It’s ok to fail – Why parents shouldn’t be so hard on themselves
Despite this being one of the safest times ever to be a child, children seem to have a lot less freedom now than they used to. Despite how much smaller the world has become due to ease of travel and communication, it seems to have become a lonelier place for many. Despite the easy access to information about every kind of topic online, parenting seems to only be getting harder instead of easier as we’re overloaded with advice on how to parent our kids ‘the right way’. For every picture-perfect family moment captured on Facebook or Instagram to show the world how great things are, there are many many darker moments that we don’t rush to share with others. Parents beat themselves up at the end of the day about what they are or aren’t doing. What they could be doing better. What they feel they should be doing better. If we were a bit less informed, we might actually be happier with our parenting.
I do it myself. We have a bad morning (or even a whole day) where you can tell as soon as the sun rises that everything is inexorably moving towards a tipping point where the toddler will lose it, the adults will lose it, and it all goes horribly wrong. Hindsight is great, but even with foresight, it’s a losing battle some days. I try, but I often fail. It’s like trying to stop the dark thunderstorm on the horizon that will first clear the air, before bringing the sun back into the sky again. We’re all human. We all get tired, feel out of sorts, do silly things. We make excuses for our kids and try to accept their quirks and lack of control. They’re still children after all, still learning. Yet we’re quick to measure ourselves against lofty ideals for our own behaviour. It’s easy to forget that as adults, and particularly as parents, we’re also still learning. Being a kid is tough in this world, but being a parent is also tough!
Every day is a fresh start. But so is every hour, and every minute of the day (or night) if you decide it should be. When we lose our temper, or don’t handle a situation as well as we could have, the best possible thing we can do for our kids and ourselves is to own it, admit it (apologise where needed), draw a line, and move on. Relentlessly chastising ourselves doesn’t help break the bad patterns. It just increases our stress levels and makes it even harder to keep a cool head the next time. So what if we’re not perfect parents? Should we really strive to be? Is that what our children really need us to be?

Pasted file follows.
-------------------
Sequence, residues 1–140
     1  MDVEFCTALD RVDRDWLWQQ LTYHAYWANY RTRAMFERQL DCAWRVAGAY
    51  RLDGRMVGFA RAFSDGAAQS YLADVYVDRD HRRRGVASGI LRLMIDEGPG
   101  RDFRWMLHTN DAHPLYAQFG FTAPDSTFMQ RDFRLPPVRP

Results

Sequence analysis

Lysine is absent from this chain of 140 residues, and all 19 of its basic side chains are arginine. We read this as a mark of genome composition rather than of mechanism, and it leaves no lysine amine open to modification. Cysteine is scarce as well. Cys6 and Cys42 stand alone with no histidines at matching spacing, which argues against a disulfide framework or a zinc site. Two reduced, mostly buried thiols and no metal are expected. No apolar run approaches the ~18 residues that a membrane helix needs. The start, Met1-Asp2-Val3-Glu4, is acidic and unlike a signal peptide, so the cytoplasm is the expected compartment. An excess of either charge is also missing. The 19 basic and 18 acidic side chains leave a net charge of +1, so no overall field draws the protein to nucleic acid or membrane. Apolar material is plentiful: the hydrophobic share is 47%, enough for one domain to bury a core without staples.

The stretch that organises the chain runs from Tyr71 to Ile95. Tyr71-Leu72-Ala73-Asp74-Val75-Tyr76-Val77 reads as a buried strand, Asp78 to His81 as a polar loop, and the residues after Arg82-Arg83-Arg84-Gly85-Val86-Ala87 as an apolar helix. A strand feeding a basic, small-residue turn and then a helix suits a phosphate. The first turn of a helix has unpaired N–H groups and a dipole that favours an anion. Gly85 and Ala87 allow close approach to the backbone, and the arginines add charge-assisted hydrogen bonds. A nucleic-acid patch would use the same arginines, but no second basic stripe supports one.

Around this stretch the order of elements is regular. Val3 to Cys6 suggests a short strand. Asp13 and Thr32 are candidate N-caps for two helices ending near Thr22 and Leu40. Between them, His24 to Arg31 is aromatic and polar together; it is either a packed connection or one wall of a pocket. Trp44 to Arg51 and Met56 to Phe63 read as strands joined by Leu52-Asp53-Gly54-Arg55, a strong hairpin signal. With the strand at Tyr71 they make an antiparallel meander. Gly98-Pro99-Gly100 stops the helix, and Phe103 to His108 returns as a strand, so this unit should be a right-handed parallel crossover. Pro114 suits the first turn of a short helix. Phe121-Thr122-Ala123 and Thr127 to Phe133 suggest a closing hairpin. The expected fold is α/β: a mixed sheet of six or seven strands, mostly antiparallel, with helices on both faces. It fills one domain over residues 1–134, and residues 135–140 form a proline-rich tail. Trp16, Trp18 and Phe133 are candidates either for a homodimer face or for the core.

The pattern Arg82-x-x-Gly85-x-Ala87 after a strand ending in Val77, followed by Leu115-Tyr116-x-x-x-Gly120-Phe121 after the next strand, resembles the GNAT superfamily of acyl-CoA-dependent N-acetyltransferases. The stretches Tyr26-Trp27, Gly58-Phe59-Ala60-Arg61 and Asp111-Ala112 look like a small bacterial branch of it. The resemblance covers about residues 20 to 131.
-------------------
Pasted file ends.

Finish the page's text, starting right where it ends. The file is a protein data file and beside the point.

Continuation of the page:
Just like us, our children try and will regularly fail. We need to model the kind of behaviour we want our children to ultimately develop as they grow up. If my son never sees me angry or sad or frustrated, he’s going to think that these kinds of emotions are abnormal or wrong. That he should be ashamed or afraid of them, and hide them away from the world. No matter how often I might tell him that his emotional outbursts are okay, that he needs help to learn how to deal with the big emotions he feels, he’s not really going to believe that. Not if I apparently don’t have them, or worse yet, pretend I don’t when my behaviour shows that I clearly do. He needs me to acknowledge when I’m having a bad day, apologise to him if I lost my temper, and see me forgive myself for having flaws and failing to overcome them. Only then can he do the same thing and feel that it’s okay to be and feel himself.
One of the hardest things to do is teach our children to manage their emotional health well. The toughest part of that lesson is to learn how to do it ourselves. I tell my son that it’s okay if he wasn’t at his best yesterday, today, or tomorrow. His parents still love him, he’s still a good and worthwhile person. He doesn’t have to be happy and on his best behaviour all the time. In fact it wouldn’t be normal if he was. He doesn’t have to succeed at everything he does to be a success. The important thing is to try, and to understand that it’s ok to fail. I need to be okay with applying the same attitude to myself. To actually show him that it’s ok to fail. It’s ok to not be ok. To give him permission to be angry, tired, sad, frustrated, and not even know why. That it’s good to express these feelings to others. It actually helps to release them and not bottle them up inside to fester. This is especially important for him to learn when the suicide rate of young males is high enough to make me worry about his future.
We have our bad days. But we also have days when out of the blue, my toddler walks over to me and tells me he needs a cuddle. No reason. He just needs a cuddle, and knows he will get that unconditional emotional support if he asks for it. That alone can stave off a potentially bad day. Other days are busy and tantrum-filled. I’m not proud of myself when I get impatient and cross, or end up shouting back at him. But when both our tempers have cooled, we sit together and agree that one or both of us were grumpy and cranky today. Even though we didn’t want to be. That things went wrong for us. “I want to be happy”, he says, and my heart breaks a little for him. But it’s okay when he isn’t. Life isn’t always how we want it to be, and neither are we.
We feel a bit better now. And for every not so great moment we have, we will have plenty more happy times. We’ll try and fail again another day, but there’s value to doing that. We just have to let ourselves be and feel what whatever we need to each moment of each day, and trust that that’s enough. That’s how we succeed. By allowing ourselves to also fail.